Among the interesting discussions at the annual Congress of the Humanities and Social Sciences in Ottawa May 30 to June 5, 2015 was one that focused on the paper delivered by University of Alberta Professor Dominique Clement, author of an important book on the evolution of human rights in Canada.  His paper argues that “rights inflation” jeopardizes the very idea of human rights as a limit on state power.  Clement points out that to date there are more than 300 recognized human rights including the right to affordable internet access.  That number is growing.  In Ontario, one radical vegetarian is pressing her case that her rights would be violated if she were compelled by the academic establishment to write on any topic other than the protection of animals.

The proliferation of rights has, in the opinion of Michael Ignatieff, imperiled by trivialization the very core of rights that are necessary to life and freedom.  But this view is surely not embraced by those who have advocated for very specific rights; rights that have grown an estimated 200% over the last half-century.

Here Judaism may be particularly helpful.  Judaism does not recognize the concept of human rights.  Rather, Judaism champions responsibilities.  One of the principal ethical values in Judaism is “tza’ar ba’alei hayyim,” loosely translated as prevention of cruelty to animals.  The concept is manifest in the Torah itself that mandates unloading an animal that is straining under its burden (Deuteronomy 22:4).  But the commandment is not based on the assumption that animals have rights (contra philosopher Peter Singer et al) but on the Scriptural narrative that imposes upon the earliest human beings the responsibility for caring for all of God’s creatures.  Similarly, the poor do not have a right to food but those who are financially successful have an obligation to support the poor.  A wife does not have a right to her husband’s property but a Jewish husband has a duty to provide for his wife.  A person does not have a right to medical attention but a Jewish doctor has a mandate to heal.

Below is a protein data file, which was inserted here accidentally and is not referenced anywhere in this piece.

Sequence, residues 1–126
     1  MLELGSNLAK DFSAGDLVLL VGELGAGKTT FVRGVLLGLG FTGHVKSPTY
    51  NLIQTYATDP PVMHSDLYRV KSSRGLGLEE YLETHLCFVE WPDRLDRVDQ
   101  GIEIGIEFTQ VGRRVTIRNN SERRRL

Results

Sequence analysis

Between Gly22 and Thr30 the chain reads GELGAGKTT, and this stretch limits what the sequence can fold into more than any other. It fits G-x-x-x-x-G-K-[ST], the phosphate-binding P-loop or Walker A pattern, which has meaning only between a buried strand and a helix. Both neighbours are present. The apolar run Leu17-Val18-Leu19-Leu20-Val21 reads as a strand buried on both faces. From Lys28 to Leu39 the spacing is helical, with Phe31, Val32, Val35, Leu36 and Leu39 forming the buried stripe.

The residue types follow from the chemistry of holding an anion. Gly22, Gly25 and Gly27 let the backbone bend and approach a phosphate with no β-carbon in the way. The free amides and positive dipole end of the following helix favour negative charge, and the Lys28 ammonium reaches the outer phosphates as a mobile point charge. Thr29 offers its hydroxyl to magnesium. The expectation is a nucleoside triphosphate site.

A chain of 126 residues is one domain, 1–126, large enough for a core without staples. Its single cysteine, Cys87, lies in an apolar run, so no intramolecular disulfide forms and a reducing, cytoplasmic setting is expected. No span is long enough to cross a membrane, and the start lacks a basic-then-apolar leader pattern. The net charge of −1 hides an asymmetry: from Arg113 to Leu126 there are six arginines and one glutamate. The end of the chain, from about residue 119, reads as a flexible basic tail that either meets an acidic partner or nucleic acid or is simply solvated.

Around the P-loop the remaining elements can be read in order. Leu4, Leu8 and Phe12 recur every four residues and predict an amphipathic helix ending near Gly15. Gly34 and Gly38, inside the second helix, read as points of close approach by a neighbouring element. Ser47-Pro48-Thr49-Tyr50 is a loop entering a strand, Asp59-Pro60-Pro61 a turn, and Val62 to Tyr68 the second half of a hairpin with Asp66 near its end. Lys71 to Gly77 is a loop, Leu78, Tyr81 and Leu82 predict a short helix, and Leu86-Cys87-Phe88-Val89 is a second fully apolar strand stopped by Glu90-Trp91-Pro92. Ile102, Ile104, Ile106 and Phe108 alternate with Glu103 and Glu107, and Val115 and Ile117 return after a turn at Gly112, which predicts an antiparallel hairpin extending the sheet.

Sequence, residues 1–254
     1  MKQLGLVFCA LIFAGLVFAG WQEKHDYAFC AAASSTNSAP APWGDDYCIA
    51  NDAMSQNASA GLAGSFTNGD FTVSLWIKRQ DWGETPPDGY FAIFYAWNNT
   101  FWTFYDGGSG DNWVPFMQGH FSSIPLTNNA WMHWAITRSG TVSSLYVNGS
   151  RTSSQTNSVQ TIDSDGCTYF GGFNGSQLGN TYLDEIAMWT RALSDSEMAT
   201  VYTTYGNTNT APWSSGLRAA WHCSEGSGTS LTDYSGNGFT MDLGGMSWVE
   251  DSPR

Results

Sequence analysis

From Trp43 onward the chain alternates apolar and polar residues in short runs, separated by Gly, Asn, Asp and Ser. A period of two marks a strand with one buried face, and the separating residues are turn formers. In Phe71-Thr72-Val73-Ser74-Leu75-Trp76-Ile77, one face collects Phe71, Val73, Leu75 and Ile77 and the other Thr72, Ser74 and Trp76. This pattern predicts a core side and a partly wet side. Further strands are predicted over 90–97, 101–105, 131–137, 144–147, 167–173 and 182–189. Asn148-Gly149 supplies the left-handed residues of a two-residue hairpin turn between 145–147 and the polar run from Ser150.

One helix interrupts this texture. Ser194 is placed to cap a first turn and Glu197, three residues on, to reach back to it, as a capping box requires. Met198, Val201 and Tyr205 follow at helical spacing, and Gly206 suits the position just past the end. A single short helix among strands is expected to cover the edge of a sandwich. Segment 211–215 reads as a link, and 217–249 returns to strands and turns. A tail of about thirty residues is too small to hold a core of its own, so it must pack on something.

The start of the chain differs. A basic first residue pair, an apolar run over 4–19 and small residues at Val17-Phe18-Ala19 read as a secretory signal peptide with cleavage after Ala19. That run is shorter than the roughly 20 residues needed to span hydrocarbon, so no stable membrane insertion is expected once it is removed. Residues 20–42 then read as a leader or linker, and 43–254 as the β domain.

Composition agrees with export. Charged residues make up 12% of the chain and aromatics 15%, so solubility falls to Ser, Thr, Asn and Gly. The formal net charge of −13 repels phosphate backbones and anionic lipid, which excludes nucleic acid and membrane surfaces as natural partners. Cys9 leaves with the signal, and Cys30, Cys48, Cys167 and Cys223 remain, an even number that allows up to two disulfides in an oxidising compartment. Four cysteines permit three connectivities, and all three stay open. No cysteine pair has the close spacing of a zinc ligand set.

The concentration on human rights is the inevitable outcome of the obsession with self that has become the essential hallmark of contemporary life.  People are more concerned with themselves than with others.  The demand for more rights is just the legal pursuit of self-interest.  Judaism, on the other hand, teaches that life has meaning when you extend concern to others.  While most people ask the question ‘What can I get?’ Judaism conditions us to ask ‘What can I give?’   Hence, there is no word in Talmudic literature for “rights.”  But there is a rich vocabulary for obligations.

Whether or not the outcome of the discussion of “rights inflation” will lead to any consensus on the part of academics remains to be seen.  But the fact that some scholars have now come to realize that the insistence on more rights cheapens all rights proves Judaism to be all the more insightful.